QUOTE (VickiLong @ 06/02/2013, 02:20 PM) <{POST_SNAPBACK}>
Can the names we give our children affect the type of person (and child) they will be?


Only if it's a boy and you call him Sue.

(Can't believe I'm the first to say that)

#20 blackbird

Posted 06 February 2013 - 04:32 PM

QUOTE (niggles @ 06/02/2013, 03:36 PM) <{POST_SNAPBACK}>
You're watching the wrong things. This is Wesley:




^ oh yeah!

sorry, not much else to add..

#21 kpingitquiet

Posted 06 February 2013 - 04:33 PM

I've only ever known one Preston and he was/is tall, black, quarterback of the high school football team, smart, popular, and is now the reverend of a beautiful country church.

#22 Guest_Dinah_Harris_*

Posted 06 February 2013 - 04:43 PM

QUOTE (kpingitquiet @ 06/02/2013, 04:33 PM) <{POST_SNAPBACK}>
I've only ever known one Preston and he was/is tall, black, quarterback of the high school football team, smart, popular, and is now the reverend of a beautiful country church.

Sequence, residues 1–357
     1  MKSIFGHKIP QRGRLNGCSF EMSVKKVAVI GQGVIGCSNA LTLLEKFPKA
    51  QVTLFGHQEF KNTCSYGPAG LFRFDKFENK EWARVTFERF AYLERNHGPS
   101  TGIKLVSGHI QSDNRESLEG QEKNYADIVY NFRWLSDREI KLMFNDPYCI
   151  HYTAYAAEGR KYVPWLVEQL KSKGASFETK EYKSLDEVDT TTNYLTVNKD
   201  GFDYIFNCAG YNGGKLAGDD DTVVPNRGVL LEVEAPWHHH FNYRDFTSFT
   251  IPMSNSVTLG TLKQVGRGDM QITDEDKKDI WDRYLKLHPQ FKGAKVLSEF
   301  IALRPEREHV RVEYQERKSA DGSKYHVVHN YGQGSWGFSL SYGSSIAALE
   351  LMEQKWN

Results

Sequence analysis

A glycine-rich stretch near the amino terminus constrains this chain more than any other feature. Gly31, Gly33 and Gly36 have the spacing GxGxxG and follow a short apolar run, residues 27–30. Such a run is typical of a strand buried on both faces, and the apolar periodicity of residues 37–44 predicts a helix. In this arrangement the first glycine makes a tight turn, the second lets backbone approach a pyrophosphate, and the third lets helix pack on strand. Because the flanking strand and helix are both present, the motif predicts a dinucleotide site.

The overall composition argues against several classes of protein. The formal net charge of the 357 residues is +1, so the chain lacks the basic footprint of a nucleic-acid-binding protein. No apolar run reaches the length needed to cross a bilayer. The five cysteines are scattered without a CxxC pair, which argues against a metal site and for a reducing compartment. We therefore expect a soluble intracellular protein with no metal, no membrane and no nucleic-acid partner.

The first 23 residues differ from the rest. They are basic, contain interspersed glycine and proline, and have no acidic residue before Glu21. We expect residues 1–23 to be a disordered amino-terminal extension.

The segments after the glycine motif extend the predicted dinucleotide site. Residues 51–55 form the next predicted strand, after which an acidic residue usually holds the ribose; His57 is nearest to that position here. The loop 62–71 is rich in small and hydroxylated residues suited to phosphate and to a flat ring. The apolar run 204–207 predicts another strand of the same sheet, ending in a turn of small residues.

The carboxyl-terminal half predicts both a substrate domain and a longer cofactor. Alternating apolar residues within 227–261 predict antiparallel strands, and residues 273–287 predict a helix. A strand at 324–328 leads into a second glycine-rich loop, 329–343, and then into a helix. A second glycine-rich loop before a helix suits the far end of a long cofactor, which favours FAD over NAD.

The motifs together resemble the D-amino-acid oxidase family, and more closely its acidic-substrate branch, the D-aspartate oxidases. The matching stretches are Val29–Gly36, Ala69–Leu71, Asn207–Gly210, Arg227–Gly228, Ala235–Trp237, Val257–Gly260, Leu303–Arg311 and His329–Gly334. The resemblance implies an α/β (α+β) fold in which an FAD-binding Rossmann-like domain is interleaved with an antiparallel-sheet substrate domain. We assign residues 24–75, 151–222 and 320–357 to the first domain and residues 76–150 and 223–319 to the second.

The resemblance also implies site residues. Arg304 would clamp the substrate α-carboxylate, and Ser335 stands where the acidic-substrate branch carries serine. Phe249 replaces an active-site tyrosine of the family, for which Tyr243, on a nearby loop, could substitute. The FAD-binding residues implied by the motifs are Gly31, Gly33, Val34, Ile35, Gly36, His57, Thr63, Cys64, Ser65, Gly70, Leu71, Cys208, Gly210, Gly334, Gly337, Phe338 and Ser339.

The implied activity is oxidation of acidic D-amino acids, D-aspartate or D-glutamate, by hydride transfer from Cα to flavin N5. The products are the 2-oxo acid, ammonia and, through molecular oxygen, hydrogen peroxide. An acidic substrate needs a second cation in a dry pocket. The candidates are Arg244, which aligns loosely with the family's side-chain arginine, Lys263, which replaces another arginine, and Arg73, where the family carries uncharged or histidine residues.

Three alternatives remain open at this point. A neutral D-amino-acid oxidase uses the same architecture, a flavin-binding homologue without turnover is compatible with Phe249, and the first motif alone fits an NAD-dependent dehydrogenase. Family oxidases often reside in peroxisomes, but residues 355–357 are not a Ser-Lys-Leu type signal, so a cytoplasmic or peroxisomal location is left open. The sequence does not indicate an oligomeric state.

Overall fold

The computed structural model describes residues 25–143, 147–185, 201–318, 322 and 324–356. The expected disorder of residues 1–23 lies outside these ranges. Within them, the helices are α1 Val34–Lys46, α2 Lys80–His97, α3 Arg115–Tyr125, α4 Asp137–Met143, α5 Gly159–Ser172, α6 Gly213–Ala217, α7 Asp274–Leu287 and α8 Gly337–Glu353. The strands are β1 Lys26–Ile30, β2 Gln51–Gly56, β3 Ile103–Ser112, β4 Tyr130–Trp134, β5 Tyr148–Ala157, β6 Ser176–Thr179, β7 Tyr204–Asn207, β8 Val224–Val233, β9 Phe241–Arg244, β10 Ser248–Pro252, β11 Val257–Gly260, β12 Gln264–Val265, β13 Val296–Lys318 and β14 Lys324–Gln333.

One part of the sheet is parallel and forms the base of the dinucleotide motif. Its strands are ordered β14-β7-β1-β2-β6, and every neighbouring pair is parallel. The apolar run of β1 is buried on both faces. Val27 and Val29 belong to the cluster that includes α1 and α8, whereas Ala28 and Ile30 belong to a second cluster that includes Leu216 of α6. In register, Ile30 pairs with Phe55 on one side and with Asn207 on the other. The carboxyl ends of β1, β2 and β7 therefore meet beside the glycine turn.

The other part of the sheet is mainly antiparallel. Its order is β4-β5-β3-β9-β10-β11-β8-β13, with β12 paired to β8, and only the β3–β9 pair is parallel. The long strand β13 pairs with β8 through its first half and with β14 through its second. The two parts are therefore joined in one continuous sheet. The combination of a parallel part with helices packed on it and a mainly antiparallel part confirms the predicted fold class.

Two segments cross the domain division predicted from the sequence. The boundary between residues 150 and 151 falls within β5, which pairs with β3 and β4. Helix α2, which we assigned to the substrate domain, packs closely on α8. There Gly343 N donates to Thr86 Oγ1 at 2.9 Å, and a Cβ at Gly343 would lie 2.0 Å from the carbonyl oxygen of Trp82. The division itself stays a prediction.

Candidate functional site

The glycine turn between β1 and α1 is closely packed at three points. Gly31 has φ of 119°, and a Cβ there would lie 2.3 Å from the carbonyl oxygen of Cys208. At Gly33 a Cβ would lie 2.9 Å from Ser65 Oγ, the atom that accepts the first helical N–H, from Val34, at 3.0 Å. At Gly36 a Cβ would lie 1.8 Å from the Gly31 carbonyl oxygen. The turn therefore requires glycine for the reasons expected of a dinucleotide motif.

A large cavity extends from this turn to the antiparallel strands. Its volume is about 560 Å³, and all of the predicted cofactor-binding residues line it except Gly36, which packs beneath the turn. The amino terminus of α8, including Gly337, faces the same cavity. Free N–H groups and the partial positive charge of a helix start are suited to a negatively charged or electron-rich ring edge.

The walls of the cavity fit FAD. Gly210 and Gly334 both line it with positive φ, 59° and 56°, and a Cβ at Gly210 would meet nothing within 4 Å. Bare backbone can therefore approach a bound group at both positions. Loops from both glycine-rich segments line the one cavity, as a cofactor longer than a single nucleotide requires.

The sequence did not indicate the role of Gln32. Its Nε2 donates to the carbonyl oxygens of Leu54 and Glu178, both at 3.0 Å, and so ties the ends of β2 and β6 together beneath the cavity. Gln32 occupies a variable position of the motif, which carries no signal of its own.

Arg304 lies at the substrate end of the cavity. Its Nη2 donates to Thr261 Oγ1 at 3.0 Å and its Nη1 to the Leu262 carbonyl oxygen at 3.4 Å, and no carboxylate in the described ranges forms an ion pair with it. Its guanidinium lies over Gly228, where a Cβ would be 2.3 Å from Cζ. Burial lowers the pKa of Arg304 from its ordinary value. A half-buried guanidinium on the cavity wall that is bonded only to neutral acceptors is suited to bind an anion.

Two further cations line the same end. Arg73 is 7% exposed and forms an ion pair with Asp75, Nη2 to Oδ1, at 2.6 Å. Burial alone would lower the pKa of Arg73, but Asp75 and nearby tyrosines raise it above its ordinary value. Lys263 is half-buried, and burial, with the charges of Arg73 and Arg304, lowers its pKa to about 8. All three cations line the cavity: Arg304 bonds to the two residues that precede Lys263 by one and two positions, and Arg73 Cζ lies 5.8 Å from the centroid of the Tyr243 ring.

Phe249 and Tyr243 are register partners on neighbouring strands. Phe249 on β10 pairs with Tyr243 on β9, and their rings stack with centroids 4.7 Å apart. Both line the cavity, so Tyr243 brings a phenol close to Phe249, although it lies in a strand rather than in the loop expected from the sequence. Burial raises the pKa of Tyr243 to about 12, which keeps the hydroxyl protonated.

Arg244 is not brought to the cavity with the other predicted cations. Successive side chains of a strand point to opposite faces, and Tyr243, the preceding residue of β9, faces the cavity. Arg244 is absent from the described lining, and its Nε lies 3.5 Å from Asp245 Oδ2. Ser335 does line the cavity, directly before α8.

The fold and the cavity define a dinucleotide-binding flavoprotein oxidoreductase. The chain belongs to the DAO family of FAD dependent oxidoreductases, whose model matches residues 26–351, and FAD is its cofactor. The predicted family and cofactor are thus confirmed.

You have given me a new appreciation for the name Preston.  He sounds.....delightful.

#23 chickenpants

Posted 06 February 2013 - 05:05 PM

QUOTE (niggles @ 06/02/2013, 02:36 PM) <{POST_SNAPBACK}>
You're watching the wrong things. This is Wesley:



Yay, Wesley!


I know we had 2 names picked out in case my DS was a DD.  Because I am fair and my DH is dark, the name the baby got depended on whose colouring the baby took after. One suited a fairer complexion while the other we thought was better for a girl with darker features.

#24 Ingrid the Swan

Posted 06 February 2013 - 05:33 PM

QUOTE (niggles @ 06/02/2013, 03:06 PM) <{POST_SNAPBACK}>
You're watching the wrong things. This is Wesley:



Sorry to be pedantic but that's Westley.

Having accepted that DP will never like Wesley due to the kid on Star Trek, I'm relying on the distinction to get Westley over the line :-P

#25 Country (deci)Mel

Posted 06 February 2013 - 05:46 PM

Well the only Preston I've known was a gorgeous uber cool guy whom I made a giant horse bum of myself in front of in a dreadfully misguided, drunken attempt to impress.

He was SO cool he just politely moved along and never mentioned it again..

Lincolns have been either naughty little LSE boys or adult binge drinkers!






QUOTE (WingBob @ 06/02/2013, 03:41 PM) <{POST_SNAPBACK}>
I've always had problems within people who call their dark skinned children Bianca or their pale as the driven snow children Ebony, as one example.


I'm Melanie.

I practically glow in the dark, and have Germans approach me speaking IN German so I am not what a Melanie should be pigment wise!

I like to think I am also not "a mealy mouthed minnie" but I guess that is in the eye of the beholder....